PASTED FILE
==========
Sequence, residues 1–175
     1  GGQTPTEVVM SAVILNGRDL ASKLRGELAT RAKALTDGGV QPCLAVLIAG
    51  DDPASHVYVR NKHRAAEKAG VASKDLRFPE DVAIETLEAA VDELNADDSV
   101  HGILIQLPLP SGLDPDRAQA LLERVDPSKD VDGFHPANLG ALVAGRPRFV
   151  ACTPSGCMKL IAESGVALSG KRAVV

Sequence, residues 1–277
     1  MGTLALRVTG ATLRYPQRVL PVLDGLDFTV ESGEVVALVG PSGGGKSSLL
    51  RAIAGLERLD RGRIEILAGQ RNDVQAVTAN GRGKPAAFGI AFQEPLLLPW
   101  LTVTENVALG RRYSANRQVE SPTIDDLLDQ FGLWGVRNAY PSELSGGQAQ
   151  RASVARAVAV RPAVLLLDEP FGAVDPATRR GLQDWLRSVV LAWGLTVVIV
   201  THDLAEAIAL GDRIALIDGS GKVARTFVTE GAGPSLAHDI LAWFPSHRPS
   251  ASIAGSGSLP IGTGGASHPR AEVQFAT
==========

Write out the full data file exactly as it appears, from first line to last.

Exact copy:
Sequence, residues 1–175
     1  GGQTPTEVVM SAVILNGRDL ASKLRGELAT RAKALTDGGV QPCLAVLIAG
    51  DDPASHVYVR NKHRAAEKAG VASKDLRFPE DVAIETLEAA VDELNADDSV
   101  HGILIQLPLP SGLDPDRAQA LLERVDPSKD VDGFHPANLG ALVAGRPRFV
   151  ACTPSGCMKL IAESGVALSG KRAVV

Sequence, residues 1–277
     1  MGTLALRVTG ATLRYPQRVL PVLDGLDFTV ESGEVVALVG PSGGGKSSLL
    51  RAIAGLERLD RGRIEILAGQ RNDVQAVTAN GRGKPAAFGI AFQEPLLLPW
   101  LTVTENVALG RRYSANRQVE SPTIDDLLDQ FGLWGVRNAY PSELSGGQAQ
   151  RASVARAVAV RPAVLLLDEP FGAVDPATRR GLQDWLRSVV LAWGLTVVIV
   201  THDLAEAIAL GDRIALIDGS GKVARTFVTE GAGPSLAHDI LAWFPSHRPS
   251  ASIAGSGSLP IGTGGASHPR AEVQFAT